This time of year is always a time of reflection for me. For me, as a Black woman who devotes my life and work to reproductive justice, the anniversary of Roe v. Wade at the end of January, and Black History Month, which begins in February, aren’t just close on the calendar. They’re close in my heart.
Because the way I see it, as long as Black women cannot feel safe in this country, and raise our children with safety and justice and joy, we will not have reproductive justice. And as long as restrictive abortion laws deny the self-determination of young Black women and poor Black women and Black women living in the rural south, we cannot truly be free.
This is my 17th year as a champion for sexual health, reproductive rights, and gender justice. This movement has changed a lot, but throughout these years there have been issues that even our biggest champions wouldn’t touch. “Partial birth abortion” bans, parental notification, and the Hyde Amendment are just a few of the punitive anti-choice policies that we all but ignored in hopes that our opposition would be satisfied. We hoped, that by appearing reasonable and centrist, using language like “safe, legal, and rare,” focusing on prevention, and almost never saying the word abortion, that those who oppose abortion would call a sort of truce.
We were wrong. In the last five years alone, opponents of abortion have quietly passed 288 new abortion restrictions. Now, in many places, a person who needs an abortion has to travel far from home and navigate a maze of restrictions that could include: requiring unnecessary appointments, forcing a doctor to give medically inaccurate information, and restricting insurance coverage of abortion. All of these restrictions are compounded by the hateful rhetoric and intimidation she might find waiting for her outside the clinic doors, including the threat of violence like the kind we saw erupt in Colorado Springs late last year.
This calculated campaign against abortion rights persists because anti-abortion crusaders tell us that abortions are bad, that they are shameful, and that the pregnant people who seek them aren’t deserving of dignity, respect, and bodily autonomy.
These are lies in which, sadly, we have been somewhat complicit through silence and internalized shame. No more. As I embark on my 40th birthday and my organization URGE: United For Reproductive & Gender Equity is at the ripe age of 24, I realize that I still have something very important in common with the young people we organize with: we’re tired of the BS and ready to be bold.
Specifically, we’re ready to speak boldly, plainly, and positively about abortion. Not “reproductive health,” or “women’s rights” – which are obviously important but also are used too often as euphemisms for abortion.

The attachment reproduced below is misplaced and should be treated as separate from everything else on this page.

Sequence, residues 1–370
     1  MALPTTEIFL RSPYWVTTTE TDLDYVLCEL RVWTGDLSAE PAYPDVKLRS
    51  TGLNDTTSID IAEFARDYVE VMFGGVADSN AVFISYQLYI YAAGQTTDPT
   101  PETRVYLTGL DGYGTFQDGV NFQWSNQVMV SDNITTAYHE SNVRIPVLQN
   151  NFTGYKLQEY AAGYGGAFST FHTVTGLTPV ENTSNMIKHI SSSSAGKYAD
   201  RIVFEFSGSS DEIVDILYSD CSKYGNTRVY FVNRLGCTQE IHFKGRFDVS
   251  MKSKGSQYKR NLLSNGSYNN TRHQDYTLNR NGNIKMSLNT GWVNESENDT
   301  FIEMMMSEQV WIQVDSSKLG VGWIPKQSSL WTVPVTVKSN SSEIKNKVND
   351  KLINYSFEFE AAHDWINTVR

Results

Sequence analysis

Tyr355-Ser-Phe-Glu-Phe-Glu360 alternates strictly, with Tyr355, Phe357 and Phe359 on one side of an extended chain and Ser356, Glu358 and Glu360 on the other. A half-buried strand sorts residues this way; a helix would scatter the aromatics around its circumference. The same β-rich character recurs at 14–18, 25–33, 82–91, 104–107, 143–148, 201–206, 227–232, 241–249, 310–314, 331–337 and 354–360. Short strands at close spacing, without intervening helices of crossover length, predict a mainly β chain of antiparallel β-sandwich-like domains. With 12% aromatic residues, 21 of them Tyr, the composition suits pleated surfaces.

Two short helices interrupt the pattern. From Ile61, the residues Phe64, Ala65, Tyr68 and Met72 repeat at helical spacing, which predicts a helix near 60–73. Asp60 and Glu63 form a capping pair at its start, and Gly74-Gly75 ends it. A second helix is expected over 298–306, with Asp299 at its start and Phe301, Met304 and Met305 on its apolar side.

I’m coming out as abortion positive.
Yes, I am a reproductive justice advocate. I support sexual health education. I fight for the self determination of all people regardless of gender. All this remains true. But I am also claiming one more part of my activist identity...I am unapologetically celebrating access to abortion. This could make for interesting plane rides and holiday dinners from this point on, but I say bring it on.
I’m abortion positive because the same stereotypes used against women seeking abortion are used to degrade and demonize Black mothers. I’m abortion positive because as a Queer woman, I know that bodily autonomy and the right to build families as we decide are human rights that belong to people of any (or no) gender. I’m abortion positive because I know all too well that running from an issue never solved anything, least of all for people who are most often and most systematically denied justice.
When I look at our activists, and at this new movement for safe, legal, and affordable abortion, I find myself in great company. We are injecting the unapologetic energy from the '70s into the new millennium, throwing out the old labels and categories, and joining together in a movement of folks working to create a new narrative. We’re ready to say that abortion is a personal decision, but abortion is also a public good. The world is better when anyone who needs an abortion can get one — easily, affordably, without stigma, and free from political interference.
Join us if you’re ready to work towards de-stigmatizing this vital health care need, and to celebrate abortion access with laughter, pride, empathy, openness, love, and most of all, respect.
Image and gif courtesy URGE
Kierra Johnson is the executive director of URGE: Unite for Reproductive & Gender Equity (formerly Choice USA). URGE mobilizes the diverse, upcoming generation of leaders to promote and protect reproductive rights, sexual health & gender justice.
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